Further, because the gaps between the ceramic particles that constitute the cell walls are wide and the pressure loss due to the cell walls themselves is low, even if the depth to which the inter-particle filtration bodies penetrate is great, the pressure loss does not become too high. As a result, a honeycomb filter can be obtained which has low pressure loss while exhibiting a favorable anchoring effect.

In a honeycomb filter according to claim 7, the spherical ceramic particles are heat-resistant oxide ceramic particles, and in a honeycomb filter according to claim 8, the heat-resistant oxide ceramic particles are at least one type selected from the group consisting of alumina, silica, mullite, ceria, zirconia, cordierite, zeolite and titania.

When the inter-particle filtration bodies are formed from a heat-resistant oxide, even if a regeneration process is performed to incinerate the PM, problems such as melting of the filter layer are unlikely to occur. As a result, a honeycomb filter having excellent heat resistance can be obtained.

In a honeycomb filter according to claim 9, the ceramic honeycomb substrate comprises silicon carbide or a silicon-containing silicon carbide.

Silicon carbide and silicon-containing silicon carbides have a high degree of hardness and an extremely high thermal decomposition temperature. As a result, the honeycomb filter becomes a honeycomb filter that exhibits excellent mechanical properties and heat resistance.

In a honeycomb filter according to claim 10, the cells that constitute the ceramic honeycomb substrate comprise large volume cells and small volume cells, wherein the cross-sectional area of a cross section perpendicular to the longitudinal direction of the large volume cells is larger than the cross-sectional area of a cross section perpendicular to the longitudinal direction of the small volume cells. As a result, compared with a honeycomb filter in which the cross-sectional areas of all the cells are the same, the filtration area is larger, and a larger amount of PM can be accumulated before a regeneration process is performed.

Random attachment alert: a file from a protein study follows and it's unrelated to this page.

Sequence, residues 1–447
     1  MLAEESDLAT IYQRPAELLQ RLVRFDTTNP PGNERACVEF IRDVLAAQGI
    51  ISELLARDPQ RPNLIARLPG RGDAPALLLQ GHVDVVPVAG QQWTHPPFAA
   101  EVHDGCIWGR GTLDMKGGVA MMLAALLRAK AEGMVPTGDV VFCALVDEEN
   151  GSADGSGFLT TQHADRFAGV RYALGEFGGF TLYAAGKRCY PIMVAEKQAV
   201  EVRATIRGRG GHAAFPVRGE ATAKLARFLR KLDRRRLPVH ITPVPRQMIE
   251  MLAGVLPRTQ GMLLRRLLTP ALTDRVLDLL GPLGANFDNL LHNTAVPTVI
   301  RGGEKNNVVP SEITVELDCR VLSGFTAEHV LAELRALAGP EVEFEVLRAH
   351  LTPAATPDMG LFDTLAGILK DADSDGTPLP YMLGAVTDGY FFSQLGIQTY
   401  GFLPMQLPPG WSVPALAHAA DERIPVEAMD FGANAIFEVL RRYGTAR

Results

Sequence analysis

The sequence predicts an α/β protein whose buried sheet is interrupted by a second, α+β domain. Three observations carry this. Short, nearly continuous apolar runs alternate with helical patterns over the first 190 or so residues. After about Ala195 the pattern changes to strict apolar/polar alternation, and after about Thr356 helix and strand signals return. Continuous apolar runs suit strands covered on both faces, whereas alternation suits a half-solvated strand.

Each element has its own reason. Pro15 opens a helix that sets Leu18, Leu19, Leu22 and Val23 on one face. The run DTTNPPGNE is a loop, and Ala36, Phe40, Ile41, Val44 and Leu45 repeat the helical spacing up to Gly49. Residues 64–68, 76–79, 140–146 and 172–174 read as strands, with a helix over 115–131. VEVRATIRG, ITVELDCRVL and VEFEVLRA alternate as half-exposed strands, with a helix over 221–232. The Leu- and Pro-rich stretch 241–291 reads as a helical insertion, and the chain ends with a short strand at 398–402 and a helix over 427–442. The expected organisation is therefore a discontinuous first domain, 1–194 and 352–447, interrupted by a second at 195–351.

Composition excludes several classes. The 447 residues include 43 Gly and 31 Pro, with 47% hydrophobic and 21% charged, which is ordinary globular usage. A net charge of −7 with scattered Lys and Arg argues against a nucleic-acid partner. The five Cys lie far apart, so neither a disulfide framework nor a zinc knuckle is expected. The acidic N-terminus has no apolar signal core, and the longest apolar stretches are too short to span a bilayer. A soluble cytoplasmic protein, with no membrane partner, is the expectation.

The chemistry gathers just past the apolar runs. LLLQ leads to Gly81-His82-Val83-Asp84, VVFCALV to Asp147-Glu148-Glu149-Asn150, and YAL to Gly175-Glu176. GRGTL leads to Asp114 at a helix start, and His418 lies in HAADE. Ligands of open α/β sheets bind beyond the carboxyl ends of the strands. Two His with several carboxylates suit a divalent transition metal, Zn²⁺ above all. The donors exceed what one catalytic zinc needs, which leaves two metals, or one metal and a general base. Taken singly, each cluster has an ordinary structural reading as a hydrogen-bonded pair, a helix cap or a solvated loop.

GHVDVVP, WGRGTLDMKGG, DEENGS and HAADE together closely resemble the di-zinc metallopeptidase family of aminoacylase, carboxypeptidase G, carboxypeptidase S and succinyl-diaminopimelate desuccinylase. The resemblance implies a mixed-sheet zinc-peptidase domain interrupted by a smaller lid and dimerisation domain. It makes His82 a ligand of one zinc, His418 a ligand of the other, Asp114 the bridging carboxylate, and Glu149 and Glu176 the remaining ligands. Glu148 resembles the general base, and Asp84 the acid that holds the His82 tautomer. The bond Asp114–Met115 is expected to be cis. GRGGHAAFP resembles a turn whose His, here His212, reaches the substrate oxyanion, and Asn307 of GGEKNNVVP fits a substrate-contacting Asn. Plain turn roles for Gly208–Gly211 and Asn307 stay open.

In a honeycomb filter according to claim 11, the shape of the cross section perpendicular to the longitudinal direction of the large volume cells is substantially octagonal, and the shape of the cross section perpendicular to the longitudinal direction of the small volume cells is substantially tetragonal. Consequently, the large volume cells and the small volume cells can easily be arranged with good symmetry, so that a honeycomb filter having excellent mechanical strength is obtained where distortion or the like is unlikely to occur.

In a honeycomb filter according to claim 12, the shape of the cross section perpendicular to the longitudinal direction of the large volume cells is substantially tetragonal, and the shape of the cross section perpendicular to the longitudinal direction of the small volume cells is substantially tetragonal.

As a result, the large volume cells and the small volume cells which constitute the honeycomb calcined body can easily be arranged with good symmetry, so that a honeycomb filter having excellent mechanical strength is obtained where distortion or the like is unlikely to occur.